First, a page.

Meanwhile, tensions had ratcheted way up between Maisel and Arad. In 2005, Maisel was promoted to vice chairman of the studio and became a direct report to Perlmutter. The following year Arad left, selling most of his stock at about $20 a share. (Disney acquired the company three years later for $51 a share.) Maisel ultimately became chairman.
Now, Arad says simply, “Success has many parents. I respect David’s interesting mind.”
In 2007, Marvel announced that Robert Downey Jr., then known primarily for his stints in rehab and jail, would play Iron Man in a film to be directed by Jon Favreau (New Line’s rights to the superhero had expired in 2006). A board member told Maisel: “Don’t worry. We’ll be very happy if this breaks even and we can sell more toys.” It grossed $585 million worldwide.
Maisel says he wanted the next movie to focus on Hulk because Universal’s 2003 Ang Lee version provided some basis to predict how another might perform. But Universal still had rights. Maisel called Universal chief Ron Meyer and asked whether he had plans to make another Hulk. When Meyer said no, Maisel says he proposed that if Marvel could have rights back, he would make at least one more Hulk movie, spending $100 million-plus, and pay Universal to distribute. It was found money for Universal. The catch was that Universal could distribute the films only if Hulk were the central character. Marvel owed Universal nothing if Hulk appeared in, say, an Avengers movie — which is, of course, exactly what later happened. (In one of several points of dispute, Arad says that he was the one who contacted Universal.)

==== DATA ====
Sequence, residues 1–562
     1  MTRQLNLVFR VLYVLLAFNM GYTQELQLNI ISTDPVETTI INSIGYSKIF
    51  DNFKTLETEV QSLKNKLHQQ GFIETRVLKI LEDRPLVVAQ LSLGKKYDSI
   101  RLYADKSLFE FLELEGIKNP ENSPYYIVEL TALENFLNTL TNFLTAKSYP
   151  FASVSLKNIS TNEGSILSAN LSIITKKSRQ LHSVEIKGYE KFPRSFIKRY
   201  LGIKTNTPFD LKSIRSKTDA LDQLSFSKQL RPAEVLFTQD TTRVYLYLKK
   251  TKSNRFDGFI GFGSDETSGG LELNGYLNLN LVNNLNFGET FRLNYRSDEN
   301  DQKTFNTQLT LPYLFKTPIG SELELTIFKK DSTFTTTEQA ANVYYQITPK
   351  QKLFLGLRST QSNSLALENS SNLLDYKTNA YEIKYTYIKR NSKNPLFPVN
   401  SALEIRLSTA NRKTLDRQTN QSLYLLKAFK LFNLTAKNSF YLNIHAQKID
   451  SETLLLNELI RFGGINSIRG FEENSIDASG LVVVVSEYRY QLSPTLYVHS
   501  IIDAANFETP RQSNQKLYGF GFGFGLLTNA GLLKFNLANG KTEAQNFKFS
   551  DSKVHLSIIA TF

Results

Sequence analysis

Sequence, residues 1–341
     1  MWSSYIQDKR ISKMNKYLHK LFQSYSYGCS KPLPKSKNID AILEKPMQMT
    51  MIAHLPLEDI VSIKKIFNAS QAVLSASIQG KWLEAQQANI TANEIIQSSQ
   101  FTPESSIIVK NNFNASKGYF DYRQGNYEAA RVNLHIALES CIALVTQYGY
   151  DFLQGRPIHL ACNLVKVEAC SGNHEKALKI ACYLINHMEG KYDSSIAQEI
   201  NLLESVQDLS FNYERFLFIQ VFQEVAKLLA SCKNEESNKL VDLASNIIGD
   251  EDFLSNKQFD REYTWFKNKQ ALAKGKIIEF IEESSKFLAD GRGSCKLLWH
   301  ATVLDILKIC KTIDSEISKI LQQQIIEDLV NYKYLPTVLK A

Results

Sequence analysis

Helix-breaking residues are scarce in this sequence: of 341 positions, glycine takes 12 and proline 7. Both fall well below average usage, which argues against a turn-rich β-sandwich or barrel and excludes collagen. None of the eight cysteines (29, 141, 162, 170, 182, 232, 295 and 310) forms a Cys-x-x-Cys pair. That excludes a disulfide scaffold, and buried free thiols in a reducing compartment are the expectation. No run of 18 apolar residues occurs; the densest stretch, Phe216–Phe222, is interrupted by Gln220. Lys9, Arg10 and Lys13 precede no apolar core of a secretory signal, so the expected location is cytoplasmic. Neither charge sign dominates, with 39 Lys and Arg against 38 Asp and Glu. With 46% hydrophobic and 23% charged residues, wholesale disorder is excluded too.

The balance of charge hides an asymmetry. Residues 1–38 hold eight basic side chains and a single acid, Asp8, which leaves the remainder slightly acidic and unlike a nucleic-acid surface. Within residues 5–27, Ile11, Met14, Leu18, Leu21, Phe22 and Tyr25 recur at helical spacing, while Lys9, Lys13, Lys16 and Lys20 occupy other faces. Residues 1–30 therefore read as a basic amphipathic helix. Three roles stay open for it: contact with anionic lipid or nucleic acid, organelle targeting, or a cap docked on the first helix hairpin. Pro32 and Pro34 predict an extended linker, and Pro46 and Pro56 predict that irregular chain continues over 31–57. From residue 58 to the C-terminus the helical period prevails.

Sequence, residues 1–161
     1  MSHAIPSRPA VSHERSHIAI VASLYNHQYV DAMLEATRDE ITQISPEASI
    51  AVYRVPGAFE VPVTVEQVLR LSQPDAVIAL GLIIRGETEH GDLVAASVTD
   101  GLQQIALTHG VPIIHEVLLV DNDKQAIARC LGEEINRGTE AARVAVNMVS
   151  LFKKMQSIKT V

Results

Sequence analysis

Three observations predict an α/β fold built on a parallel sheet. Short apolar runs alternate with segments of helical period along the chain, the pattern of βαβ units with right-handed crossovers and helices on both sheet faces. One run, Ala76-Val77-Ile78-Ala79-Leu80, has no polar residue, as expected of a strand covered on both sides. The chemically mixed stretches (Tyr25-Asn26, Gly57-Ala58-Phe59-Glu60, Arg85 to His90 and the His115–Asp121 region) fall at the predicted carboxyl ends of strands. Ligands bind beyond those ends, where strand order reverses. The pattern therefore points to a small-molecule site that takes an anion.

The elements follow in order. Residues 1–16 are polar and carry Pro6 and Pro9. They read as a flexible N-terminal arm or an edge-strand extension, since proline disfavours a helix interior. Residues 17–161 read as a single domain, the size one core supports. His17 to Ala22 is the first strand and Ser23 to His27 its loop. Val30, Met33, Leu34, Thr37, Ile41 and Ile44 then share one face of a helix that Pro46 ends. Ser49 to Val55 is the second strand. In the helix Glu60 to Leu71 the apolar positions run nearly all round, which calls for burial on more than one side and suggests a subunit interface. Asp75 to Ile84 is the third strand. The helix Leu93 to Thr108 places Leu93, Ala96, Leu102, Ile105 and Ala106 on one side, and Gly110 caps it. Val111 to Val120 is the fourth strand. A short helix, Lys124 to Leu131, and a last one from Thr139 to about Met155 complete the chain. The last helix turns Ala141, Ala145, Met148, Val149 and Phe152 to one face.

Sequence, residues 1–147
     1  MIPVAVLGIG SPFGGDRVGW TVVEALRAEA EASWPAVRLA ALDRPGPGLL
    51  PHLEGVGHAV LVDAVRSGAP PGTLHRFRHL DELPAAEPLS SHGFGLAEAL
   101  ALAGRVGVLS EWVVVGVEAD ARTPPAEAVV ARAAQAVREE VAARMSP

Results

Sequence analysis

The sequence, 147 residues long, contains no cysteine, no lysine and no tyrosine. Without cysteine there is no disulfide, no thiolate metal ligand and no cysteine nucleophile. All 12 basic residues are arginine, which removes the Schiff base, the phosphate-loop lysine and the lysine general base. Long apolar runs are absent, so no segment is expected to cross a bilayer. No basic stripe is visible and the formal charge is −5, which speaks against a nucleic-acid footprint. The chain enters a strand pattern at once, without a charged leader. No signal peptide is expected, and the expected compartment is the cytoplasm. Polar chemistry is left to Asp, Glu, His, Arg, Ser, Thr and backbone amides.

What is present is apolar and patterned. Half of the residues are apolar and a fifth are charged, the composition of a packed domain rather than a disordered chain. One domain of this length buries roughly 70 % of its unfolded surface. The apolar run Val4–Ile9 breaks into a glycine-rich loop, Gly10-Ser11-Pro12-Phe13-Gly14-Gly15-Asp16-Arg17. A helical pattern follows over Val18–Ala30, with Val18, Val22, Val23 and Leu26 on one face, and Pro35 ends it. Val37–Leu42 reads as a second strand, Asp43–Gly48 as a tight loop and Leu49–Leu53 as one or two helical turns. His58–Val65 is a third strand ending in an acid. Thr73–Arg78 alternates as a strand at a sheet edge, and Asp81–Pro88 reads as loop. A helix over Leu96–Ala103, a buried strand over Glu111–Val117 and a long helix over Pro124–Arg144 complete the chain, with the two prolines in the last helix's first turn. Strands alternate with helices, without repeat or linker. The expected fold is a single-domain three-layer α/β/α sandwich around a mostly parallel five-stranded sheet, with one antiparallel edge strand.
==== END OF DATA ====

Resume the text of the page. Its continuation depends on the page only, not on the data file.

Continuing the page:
On Feb. 18, 2009, Maisel met with Iger to talk about ways to expand a relationship between Disney and Marvel. Maisel then arranged for Iger to meet Perlmutter. By the end of August, the sale was a done deal.